Today United States Senator Elizabeth Warren (D) proposed a radical plan – to break up the largest tech companies in existence.
The Senator from Massachusetts senator is lobbying for legislation that would be somewhat similar to net neutrality, but instead of ISP’s classifying their internet lines as “public utilities”, it would see Facebook, Amazon, and Google’s services broken up and reclassified as “platform utilities”.
The idea, according to Ms. Warren, is to break up these companies down to their bare services, and then seperate those into new entities. For instance there would be a Google Search company, that would be disconnected from the Google Ad company.
She made the idea known via a post on medium, including the following lines:
Twenty-five years ago, Facebook, Google, and Amazon didn’t exist. Now they are among the most valuable and well-known companies in the world. It’s a great story — but also one that highlights why the government must break up monopolies and promote competitive markets.
America’s big tech companies have achieved their level of dominance in part based on two strategies:
- Using Mergers to Limit Competition. Facebook has purchased potential competitors Instagram and WhatsApp. Amazon has used its immense market power to force smaller competitors like Diapers.com to sell at a discounted rate. Google has snapped up the mapping company Waze and the ad company DoubleClick. Rather than blocking these transactions for their negative long-term effects on competition and innovation, government regulators have waved them through.
- Using Proprietary Marketplaces to Limit Competition. Many big tech companies own a marketplace — where buyers and sellers transact — while also participating on the marketplace. This can create a conflict of interest that undermines competition. Amazon crushes small companies by copying the goods they sell on the Amazon Marketplace and then selling its own branded version. Google allegedly snuffed out a competing small search engine by demoting its content on its search algorithm, and it has favored its own restaurant ratings over those of Yelp.
Under Warren’s plan, any company with global revenue of $25 billion or more, and that offers a platform for connecting third parties would be called “platform utilities”. Interestingly, the platform utilities would be allowed to connect third parties, but would not be allowed under law to share any data with them. Amazon Marketplace, Google’s ad exchange, and Google Search would be platform utilities under this law. Youtube could even end up a platform utility itself!
She specifically calls out a few recent mergers that would have to be undone. Amazon (NASDAQ:AMZN) would need to say goodbye to both Zappos and Whole Foods, Facebook (NASDAQ:FB) would part ways with Instagram and Instagram, and Google (NASDAQ:GOOGL) would divest itself of Waze, Nest, and DoubleClick.
We’ve seen politicians take fairly hard stances against tech companies lately in the wake of consumer data privacy concerns, perhaps most notoriously Facebook and Mark Zuckerberg.
Warren’s proposal is easily the most drastic idea we’ve seen yet to come out of Washington in regards to regulation of Big Tech.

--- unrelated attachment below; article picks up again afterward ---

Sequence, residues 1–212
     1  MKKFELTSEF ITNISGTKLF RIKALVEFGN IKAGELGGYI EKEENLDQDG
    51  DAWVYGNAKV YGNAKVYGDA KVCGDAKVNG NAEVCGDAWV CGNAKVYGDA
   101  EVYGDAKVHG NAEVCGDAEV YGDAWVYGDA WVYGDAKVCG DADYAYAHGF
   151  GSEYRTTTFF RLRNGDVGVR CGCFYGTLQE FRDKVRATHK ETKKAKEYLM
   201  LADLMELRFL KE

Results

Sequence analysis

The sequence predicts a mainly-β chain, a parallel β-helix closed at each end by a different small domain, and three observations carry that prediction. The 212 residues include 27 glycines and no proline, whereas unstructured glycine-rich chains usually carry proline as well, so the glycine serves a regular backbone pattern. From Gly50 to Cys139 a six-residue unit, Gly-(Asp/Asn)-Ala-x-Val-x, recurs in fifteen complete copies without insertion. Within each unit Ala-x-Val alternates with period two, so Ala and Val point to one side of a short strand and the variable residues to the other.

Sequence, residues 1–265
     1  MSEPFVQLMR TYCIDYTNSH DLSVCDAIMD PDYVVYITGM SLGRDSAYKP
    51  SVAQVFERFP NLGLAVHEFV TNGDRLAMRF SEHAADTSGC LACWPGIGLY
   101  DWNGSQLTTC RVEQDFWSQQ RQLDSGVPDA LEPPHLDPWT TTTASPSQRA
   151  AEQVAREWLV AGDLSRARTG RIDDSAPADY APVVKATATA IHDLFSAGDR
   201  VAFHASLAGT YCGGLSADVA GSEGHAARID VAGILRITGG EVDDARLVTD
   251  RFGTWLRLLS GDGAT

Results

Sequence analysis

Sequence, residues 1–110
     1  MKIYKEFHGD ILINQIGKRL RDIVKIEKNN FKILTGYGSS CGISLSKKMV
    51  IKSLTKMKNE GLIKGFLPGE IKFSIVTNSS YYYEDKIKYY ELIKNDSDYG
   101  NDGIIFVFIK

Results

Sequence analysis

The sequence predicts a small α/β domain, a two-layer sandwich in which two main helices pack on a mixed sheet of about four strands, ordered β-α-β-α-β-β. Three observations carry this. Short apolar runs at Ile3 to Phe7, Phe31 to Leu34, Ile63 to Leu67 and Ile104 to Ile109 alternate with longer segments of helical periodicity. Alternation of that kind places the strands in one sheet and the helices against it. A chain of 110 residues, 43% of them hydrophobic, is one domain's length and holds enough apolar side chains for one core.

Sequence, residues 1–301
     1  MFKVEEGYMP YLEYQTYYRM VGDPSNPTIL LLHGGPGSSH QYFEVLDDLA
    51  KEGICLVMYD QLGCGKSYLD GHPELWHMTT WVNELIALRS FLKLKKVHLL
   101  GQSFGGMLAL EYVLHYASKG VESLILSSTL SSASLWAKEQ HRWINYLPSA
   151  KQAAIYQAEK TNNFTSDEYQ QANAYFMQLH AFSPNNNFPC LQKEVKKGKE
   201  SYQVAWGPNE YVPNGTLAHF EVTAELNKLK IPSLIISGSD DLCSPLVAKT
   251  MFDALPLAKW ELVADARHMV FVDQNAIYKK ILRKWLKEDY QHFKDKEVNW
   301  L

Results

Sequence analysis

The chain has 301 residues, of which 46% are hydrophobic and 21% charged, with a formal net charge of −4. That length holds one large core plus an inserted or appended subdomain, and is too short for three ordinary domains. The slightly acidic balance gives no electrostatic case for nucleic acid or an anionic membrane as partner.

Its no secret that the industry leaders – Facebook, Amazon, and Google have cornered their respective markets. Which social media company is going to ever challenge the combination of Facebook/IG/Whatsapp? Google owns over 80 percent of internet searches and its said that Amazon commands 70 percent of all online retail sales in the U.S.!
To consumers these free services might not come off as abusive, but to small businesses they can be oppressive.
Take for instance brand keywords. A good example is centered around Lyft Inc, the world’s #2 ride hailing platform. They bid money to be ranked high on the list of ads a user will see when someone searches for the word “lyft”. If Lyft Inc decided to not bid to be ranked for its own brand name, and Uber Inc continued to bid money for the keyword, then a user would see an Uber add at the top of the page instead of Lyft, despite Google’s algorithm’s knowing full well that Lyft is the more relevant search result.
Now consider if someone searches the above on mobile. On mobile browsers a few ads are placed on top of the free “organic” search results. These ads visually identical to actual search results with the difference being a small “ad” icon. A mobile user, if Lyft refused to pay up, would see Uber on the top search result if they searched for “Lyft”. In this way small companies are forced to bid on their own brand name year in and year out in order to keep competitors from showing up on top.
Amazon famously went after the throat of an upstart website selling diapers, the now-defunct Diapers.com. Amazon slashed the prices of its diapers to below their actual cost, to the tune of tens of millions of dollars in losses, just to squeeze Diapers.com and its owners. Amazon eventually won and acquired the company.
So while its clear that something might need to be done at the legislation level, its not very easy to say exactly what. Warren’s comments are meant to be timely, as she is going to be running to be President in next year’s 2020 election and nominees are beginning to define their election campaigns.
This is especially bold for the Senator as Democrats in the U.S. have traditionally received strong support from tech companies. How that might affect campaign contributions remains to be seen.
However, we here at Wccftech are much more interested in the world of technology and its effects on us. There’s no denying that the plan announced today would be simply massive and the tech industry would be in for a truly gigantic shake-up the likes of which have never been seen before.